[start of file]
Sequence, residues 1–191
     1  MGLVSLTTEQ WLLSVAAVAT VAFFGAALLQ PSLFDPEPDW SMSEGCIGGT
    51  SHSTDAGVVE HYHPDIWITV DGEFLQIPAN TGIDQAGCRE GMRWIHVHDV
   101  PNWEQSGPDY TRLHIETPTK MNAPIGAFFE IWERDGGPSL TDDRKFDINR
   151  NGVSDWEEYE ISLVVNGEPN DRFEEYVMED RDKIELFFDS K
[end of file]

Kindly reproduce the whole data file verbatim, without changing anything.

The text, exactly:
Sequence, residues 1–191
     1  MGLVSLTTEQ WLLSVAAVAT VAFFGAALLQ PSLFDPEPDW SMSEGCIGGT
    51  SHSTDAGVVE HYHPDIWITV DGEFLQIPAN TGIDQAGCRE GMRWIHVHDV
   101  PNWEQSGPDY TRLHIETPTK MNAPIGAFFE IWERDGGPSL TDDRKFDINR
   151  NGVSDWEEYE ISLVVNGEPN DRFEEYVMED RDKIELFFDS K